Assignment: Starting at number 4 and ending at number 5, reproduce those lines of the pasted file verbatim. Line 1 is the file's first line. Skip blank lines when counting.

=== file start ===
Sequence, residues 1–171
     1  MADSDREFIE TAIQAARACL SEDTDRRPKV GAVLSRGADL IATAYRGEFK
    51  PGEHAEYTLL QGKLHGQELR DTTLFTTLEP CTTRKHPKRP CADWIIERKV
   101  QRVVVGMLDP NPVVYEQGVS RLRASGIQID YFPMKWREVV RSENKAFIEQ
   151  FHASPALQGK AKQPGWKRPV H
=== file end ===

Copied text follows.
   101  QRVVVGMLDP NPVVYEQGVS RLRASGIQID YFPMKWREVV RSENKAFIEQ
   151  FHASPALQGK AKQPGWKRPV H